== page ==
Anteroposterior radiograph showing a valgus-impacted femoral neck fracture in a 76-year-old woman
Lateral radiograph of the patient’s left hip
A 76-year-old woman presents with severe left hip pain after a fall at home. She was unable to get off the floor after the fall and was brought to the emergency department by emergency medical services. Upon examination, the patient has severe pain with passive motion of the left hip. There is no shortening or deformity of the left lower extremity. A valgus-impacted femoral neck fracture is noted on both anteroposterior and lateral x-rays.
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As the population ages, hip fractures are becoming an increasingly common presentation in emergency rooms. Among the elderly, low-energy falls that result in a fracture are most often the result of osteoporosis or poor bone quality. The expected increase in osteoporotic-related fractures is particularly concerning, as hip fractures alone carry up to a 25% mortality rate within the first year.1
The Garden classification system is commonly used to describe and determine treatment of femoral neck fractures. The classification system has 4 types: type 1 includes incomplete fractures (fracture line partially through the femoral neck) or valgus-impacted fractures; type 2 includes nondisplaced fractures; type 3 includes complete fractures (fracture line crosses the entire femoral neck) with partial displacement; and type 4 includes completely displaced fractures.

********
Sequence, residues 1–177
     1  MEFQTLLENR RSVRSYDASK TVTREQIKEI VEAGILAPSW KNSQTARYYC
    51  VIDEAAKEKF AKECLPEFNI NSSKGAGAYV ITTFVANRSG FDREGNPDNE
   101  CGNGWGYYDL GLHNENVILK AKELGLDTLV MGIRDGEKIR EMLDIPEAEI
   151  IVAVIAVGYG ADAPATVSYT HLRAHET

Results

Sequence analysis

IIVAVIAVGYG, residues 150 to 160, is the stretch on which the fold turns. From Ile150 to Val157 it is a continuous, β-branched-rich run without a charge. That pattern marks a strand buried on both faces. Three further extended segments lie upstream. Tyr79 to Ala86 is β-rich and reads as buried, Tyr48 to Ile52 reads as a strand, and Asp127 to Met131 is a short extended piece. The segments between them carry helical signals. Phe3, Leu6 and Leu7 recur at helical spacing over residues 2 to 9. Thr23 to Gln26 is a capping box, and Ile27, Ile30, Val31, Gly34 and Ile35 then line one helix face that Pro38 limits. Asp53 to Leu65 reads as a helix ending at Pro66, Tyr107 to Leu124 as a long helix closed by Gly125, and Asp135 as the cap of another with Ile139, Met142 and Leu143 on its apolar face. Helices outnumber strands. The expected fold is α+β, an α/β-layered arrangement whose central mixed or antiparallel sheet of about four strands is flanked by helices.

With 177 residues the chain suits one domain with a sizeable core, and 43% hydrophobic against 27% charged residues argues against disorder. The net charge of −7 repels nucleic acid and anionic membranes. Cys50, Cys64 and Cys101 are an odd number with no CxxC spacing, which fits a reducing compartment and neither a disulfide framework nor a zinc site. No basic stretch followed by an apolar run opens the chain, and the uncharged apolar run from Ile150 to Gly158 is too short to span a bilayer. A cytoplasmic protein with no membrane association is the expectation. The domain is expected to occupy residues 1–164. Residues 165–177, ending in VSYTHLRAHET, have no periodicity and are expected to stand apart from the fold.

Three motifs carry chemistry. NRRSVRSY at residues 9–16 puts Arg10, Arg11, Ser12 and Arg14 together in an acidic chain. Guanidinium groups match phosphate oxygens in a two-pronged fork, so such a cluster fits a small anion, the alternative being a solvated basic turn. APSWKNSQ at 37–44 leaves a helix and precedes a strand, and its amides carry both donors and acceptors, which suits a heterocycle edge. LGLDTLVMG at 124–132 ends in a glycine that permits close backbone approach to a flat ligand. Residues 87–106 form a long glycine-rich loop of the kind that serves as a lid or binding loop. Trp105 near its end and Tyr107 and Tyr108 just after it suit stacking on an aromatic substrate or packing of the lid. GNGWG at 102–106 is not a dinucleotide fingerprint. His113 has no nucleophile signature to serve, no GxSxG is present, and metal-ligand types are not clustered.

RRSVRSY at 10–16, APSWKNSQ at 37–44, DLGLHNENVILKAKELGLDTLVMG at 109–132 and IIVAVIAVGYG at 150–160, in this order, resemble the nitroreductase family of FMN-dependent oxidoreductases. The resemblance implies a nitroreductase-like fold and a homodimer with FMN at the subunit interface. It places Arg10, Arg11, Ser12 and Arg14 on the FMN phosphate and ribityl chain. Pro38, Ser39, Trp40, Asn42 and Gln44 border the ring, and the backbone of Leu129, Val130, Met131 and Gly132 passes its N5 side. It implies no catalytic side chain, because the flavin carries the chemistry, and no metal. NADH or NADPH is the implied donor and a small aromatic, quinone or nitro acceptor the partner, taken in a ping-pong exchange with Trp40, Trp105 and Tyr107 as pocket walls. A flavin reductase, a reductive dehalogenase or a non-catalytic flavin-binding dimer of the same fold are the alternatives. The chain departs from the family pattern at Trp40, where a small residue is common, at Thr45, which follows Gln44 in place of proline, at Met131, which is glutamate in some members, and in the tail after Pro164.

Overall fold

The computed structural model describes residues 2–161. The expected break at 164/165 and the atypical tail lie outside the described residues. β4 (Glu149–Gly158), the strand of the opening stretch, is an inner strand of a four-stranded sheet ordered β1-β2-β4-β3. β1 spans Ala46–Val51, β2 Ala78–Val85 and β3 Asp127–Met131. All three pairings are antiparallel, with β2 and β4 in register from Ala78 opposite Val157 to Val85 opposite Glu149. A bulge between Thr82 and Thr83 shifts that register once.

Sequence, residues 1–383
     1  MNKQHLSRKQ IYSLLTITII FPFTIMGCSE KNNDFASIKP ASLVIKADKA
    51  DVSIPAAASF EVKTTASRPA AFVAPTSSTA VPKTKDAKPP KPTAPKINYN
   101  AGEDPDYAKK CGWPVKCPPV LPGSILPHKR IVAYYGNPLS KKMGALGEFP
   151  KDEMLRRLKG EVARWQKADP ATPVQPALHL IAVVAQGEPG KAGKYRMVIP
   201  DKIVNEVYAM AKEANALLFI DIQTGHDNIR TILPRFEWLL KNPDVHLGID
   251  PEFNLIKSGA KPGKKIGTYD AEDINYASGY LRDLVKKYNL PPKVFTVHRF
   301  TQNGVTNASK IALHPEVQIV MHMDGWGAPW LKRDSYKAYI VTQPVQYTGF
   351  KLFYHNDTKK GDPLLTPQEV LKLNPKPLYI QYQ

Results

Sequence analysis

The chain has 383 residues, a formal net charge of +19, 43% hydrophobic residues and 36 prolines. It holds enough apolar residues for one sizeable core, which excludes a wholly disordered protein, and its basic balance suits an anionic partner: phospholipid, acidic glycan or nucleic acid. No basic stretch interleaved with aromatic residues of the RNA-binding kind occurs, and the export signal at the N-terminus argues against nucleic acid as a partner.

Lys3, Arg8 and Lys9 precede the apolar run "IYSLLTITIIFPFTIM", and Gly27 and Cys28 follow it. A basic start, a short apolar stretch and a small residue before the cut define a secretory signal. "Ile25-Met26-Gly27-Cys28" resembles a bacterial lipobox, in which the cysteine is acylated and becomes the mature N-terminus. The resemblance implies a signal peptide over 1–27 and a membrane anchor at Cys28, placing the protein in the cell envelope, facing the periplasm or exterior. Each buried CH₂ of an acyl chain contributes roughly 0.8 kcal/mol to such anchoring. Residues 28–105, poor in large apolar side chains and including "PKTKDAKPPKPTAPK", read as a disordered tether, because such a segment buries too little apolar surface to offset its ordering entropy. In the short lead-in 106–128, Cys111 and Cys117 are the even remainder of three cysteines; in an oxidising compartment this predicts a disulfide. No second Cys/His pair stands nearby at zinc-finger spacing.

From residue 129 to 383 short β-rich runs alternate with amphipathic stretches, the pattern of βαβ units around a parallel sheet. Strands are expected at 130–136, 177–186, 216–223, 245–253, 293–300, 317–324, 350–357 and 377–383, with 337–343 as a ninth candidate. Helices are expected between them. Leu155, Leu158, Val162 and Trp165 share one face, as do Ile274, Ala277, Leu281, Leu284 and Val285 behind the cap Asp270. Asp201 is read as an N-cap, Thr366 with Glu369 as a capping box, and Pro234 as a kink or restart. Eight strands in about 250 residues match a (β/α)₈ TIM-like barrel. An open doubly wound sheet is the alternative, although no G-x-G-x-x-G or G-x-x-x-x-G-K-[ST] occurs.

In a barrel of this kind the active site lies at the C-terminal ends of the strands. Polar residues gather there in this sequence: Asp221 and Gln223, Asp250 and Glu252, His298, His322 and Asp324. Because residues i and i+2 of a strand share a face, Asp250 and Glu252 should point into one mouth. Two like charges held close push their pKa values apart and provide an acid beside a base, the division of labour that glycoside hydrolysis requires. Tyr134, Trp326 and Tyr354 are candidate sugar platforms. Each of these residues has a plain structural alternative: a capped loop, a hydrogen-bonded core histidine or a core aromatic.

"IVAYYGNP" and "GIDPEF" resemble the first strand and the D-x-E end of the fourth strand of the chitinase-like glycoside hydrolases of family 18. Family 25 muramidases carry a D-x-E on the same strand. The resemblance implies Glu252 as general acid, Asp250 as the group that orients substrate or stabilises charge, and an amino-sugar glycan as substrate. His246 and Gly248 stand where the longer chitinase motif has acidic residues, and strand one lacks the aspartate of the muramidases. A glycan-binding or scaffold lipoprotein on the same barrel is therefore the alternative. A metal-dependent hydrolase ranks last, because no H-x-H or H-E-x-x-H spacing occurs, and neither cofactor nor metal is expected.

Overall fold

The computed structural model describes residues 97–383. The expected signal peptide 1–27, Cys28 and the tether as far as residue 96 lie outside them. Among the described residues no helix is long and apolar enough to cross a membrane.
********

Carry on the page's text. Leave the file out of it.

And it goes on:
For treatment purposes, the classification system can be simplified into 2 categories. Stable nondisplaced or valgus-impacted fractures (Garden types 1 and 2) are generally treated with cannulated screw fixation. Unstable displaced fractures (Garden types 3 and 4) are generally treated with arthroplasty. Displaced fractures disrupt the hip capsule and blood supply to the femoral neck. The resulting poor blood supply to the femoral neck causes a high incidence of nonunion and osteonecrosis, and therefore, the femoral head will not heal and must be replaced with a prosthesis. Prompt recognition and treatment of these fractures is known to improve patient outcomes. Patients should be taken to surgery as soon as they are medically stable to benefit from early mobilization.1,2
Dagan Cloutier, MPAS, PA-C, practices in a multispecialty orthopedic group in the southern New Hampshire region and is editor-in-chief of the Journal of Orthopedics for Physician Assistants (JOPA).
- Blomberg J. Femoral neck fractures. Orthobullets website. http://www.orthobullets.com/trauma/1037/femoral-neck-fractures. Updated July 11, 2016. Accessed July 12, 2016.
- Koval KJ, Zuckerman JD. Hip Fractures: I. Overview and evaluation and treatment of femoral-neck fractures. J Am Acad Orthop Sur. 1994;2(3):141-149.